Philips is a great Dutch electrics and electronics manufacturer. They invented revolutionary devices like the audio cassette and the compact disc, which both were and still are huge commercial successes. But Philips is also responsible for immense fiascos.

I'll try to sum up three of them.

The first failure was a commercial one : the V2000 videotape standard. This was the first VCR my father bought back in 1984. Although the video quality was superior to the concurrents, Beta and VHS, it suffered from the fact that it was double sided, making it impossible to record a film longer than 120 minutes without flipping the tape, thus rendering programmed recording pointless. There were also issues with tape fragility, as explained in the V2000 node. I remember it was impossible to rent a V2000 movie. By 1987 we were forced to switch to VHS.

The next commercial failure was the CDi in the beginning of the 1990s, where 'i' stands for interactive. The intertactivity basically meant the user could flip pages on multimedia CD-ROMS. The few titles that were developed sucked seriously. The next year, they introduced a full motion video module, which gave the possibility to view VCDs. A VCD is an ancestor of the DVD, encoded in MPEG 1. Few titles were released, the quality was less than VHS, for twice the price, without the possibility to record. VCD were basically only successful in China.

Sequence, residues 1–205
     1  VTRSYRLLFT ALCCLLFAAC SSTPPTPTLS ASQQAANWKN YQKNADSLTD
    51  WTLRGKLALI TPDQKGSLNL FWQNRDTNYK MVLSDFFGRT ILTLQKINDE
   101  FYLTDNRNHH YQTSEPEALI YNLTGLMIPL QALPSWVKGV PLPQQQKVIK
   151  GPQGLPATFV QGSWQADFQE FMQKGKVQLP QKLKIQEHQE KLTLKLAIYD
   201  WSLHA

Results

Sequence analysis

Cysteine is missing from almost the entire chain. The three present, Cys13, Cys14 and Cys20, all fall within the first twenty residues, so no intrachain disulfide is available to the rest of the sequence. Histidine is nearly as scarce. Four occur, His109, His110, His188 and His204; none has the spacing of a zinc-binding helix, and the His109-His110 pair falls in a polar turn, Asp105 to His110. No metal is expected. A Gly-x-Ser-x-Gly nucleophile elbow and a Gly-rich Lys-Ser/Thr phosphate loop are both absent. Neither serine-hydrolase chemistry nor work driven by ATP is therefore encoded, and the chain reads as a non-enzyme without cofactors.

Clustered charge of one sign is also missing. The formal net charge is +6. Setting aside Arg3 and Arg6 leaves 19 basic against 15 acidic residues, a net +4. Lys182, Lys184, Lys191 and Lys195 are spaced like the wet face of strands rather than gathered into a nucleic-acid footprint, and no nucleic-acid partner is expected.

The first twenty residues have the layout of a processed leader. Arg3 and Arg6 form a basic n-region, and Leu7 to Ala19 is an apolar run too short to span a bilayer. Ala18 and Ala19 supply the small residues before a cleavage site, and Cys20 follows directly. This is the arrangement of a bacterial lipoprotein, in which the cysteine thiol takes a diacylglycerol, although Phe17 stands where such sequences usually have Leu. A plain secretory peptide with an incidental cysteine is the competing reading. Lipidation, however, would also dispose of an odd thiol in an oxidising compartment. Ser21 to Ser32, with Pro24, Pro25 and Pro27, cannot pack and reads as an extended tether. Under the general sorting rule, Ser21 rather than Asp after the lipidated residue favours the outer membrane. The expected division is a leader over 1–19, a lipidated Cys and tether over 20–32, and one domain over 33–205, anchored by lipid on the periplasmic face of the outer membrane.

A third failure was the DCC - Digital Compact Casette. The DCC was released within months of the release of Sony's minidisc (Before or after, doesn't matter) in fall 1992. It was basically a crippled version of the DAT, which was used -- and still is -- in professional environment. They claimed their main advantage on MDs was the fact that is was backwards compatible with analog cassettes, but this is not the case as you couldn't record them. Probably a dual heads solution would have been possible for backward compatibility. The worst drawback on using cassettes instead of discs is that it took ages to reach a particular track. By 1996 DCC was officially abandoned. I was happy : my worst enemy had bought one. With a fraction of the R&D costs, Philips could have promoted DAT and made it cheaper to manufacture.

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